We can have an epiphany in our everyday activity when we suddenly come to the realization of something that had not even been on our radar before. I like to think of those as our ‘AHA’ moments. Some of us may have had an ‘AHA’ moment when a particular teaching by Jesus jumped out at us and called us to a mission that we had never considered before. Or at work or home when a solution to a situation suddenly comes to mind and it works. That happens more often than you may think. For me personally it is those ‘AHA’ moments that I hope to guide me as I write a homily. A good friend once said “You are like the Domino’s pizza delivery guy. You deliver the pie, but it is the Holy Spirit that creates it.”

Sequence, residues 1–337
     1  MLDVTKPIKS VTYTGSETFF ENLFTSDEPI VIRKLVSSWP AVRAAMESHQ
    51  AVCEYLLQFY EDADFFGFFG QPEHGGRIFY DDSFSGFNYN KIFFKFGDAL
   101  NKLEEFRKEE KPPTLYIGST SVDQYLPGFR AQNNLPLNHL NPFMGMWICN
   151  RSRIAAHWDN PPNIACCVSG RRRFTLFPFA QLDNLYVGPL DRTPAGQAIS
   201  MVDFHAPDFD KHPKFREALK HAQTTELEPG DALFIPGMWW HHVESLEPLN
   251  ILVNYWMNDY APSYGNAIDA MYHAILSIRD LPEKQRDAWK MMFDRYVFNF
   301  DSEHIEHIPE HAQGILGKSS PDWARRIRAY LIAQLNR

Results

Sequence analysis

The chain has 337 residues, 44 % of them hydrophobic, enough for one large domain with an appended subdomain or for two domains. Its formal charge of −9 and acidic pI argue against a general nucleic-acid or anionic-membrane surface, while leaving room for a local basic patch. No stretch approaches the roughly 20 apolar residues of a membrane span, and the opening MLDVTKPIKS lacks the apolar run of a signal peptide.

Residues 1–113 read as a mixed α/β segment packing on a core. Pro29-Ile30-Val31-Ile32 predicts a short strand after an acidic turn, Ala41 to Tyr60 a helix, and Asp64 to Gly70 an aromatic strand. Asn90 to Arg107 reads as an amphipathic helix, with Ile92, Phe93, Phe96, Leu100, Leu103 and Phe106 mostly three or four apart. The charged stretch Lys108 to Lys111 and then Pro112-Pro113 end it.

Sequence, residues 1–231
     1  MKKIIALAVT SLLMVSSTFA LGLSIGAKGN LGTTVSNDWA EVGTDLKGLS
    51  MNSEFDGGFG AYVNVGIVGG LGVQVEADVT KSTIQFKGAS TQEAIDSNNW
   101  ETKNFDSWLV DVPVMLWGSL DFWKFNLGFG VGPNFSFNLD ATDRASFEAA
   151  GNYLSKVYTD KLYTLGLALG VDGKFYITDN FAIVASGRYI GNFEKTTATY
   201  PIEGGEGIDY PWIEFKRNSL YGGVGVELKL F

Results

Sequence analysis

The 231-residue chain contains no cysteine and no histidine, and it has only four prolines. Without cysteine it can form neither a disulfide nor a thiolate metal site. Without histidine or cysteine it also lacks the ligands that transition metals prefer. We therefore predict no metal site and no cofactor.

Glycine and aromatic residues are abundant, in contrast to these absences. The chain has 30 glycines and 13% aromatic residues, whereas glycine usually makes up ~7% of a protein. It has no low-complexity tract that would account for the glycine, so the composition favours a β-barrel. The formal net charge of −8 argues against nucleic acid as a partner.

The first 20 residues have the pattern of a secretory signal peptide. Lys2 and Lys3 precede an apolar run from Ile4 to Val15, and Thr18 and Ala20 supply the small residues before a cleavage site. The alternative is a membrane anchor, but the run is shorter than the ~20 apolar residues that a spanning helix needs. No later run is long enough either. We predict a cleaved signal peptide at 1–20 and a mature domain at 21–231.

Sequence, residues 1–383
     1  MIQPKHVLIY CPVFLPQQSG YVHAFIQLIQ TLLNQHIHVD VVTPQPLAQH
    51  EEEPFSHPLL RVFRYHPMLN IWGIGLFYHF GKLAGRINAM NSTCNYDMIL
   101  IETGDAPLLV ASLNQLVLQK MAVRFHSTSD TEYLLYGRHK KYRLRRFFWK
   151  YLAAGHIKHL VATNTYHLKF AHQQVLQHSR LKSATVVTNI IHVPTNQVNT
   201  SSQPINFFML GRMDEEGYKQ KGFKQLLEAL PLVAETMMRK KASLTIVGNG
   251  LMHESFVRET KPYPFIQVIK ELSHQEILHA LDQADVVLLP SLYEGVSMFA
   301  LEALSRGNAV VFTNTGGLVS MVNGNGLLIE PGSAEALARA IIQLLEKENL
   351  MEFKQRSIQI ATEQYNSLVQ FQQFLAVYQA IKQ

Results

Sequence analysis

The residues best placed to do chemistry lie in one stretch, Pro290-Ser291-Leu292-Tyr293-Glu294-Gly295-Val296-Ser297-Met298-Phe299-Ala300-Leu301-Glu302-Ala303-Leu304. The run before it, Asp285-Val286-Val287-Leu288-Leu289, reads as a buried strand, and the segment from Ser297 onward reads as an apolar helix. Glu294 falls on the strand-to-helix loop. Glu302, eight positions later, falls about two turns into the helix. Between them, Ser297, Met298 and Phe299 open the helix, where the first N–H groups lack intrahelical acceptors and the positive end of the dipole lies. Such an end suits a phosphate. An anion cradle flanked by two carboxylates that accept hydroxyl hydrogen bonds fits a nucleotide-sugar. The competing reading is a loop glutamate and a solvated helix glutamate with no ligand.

In today’s readings we hear about the Magi. Who were the Magi? We know they traveled from the East so they would be gentiles, not Jews. The song “We Three Kings” tells us that they are kings. Living here in Memphis it would be remiss of me to say that the three kings are not named Elvis Presley, Jerry Lawlor or B.B. King. Now that we have clarified that we also note the magi are referred to as wise men, so they are educated. They have been called astrologers. Astrologers look for the effects of celestial object positions, motions, and properties on the people and events on Earth. They are not in the business of fortune telling or horoscopes. The wise men would also have to have a basic knowledge of astronomy which is the study of the stars, planets, and celestial objects in the universe above the earth. This knowledge would be how the magi knew that the star they saw and chose to follow is unique and mystical. The Magi, as astrologers, followed the star. As astronomers they knew it was different and did not belong where they first saw it in the skies. They followed the star searching for the answer to the mystery of the stars’ motions and to see any effects that it might have on earth. Did the magi leave their homes looking for the newborn king of the Jews? We do not know. Their first Epiphany was realizing that this star was calling them to follow it to the newborn king of the Jews.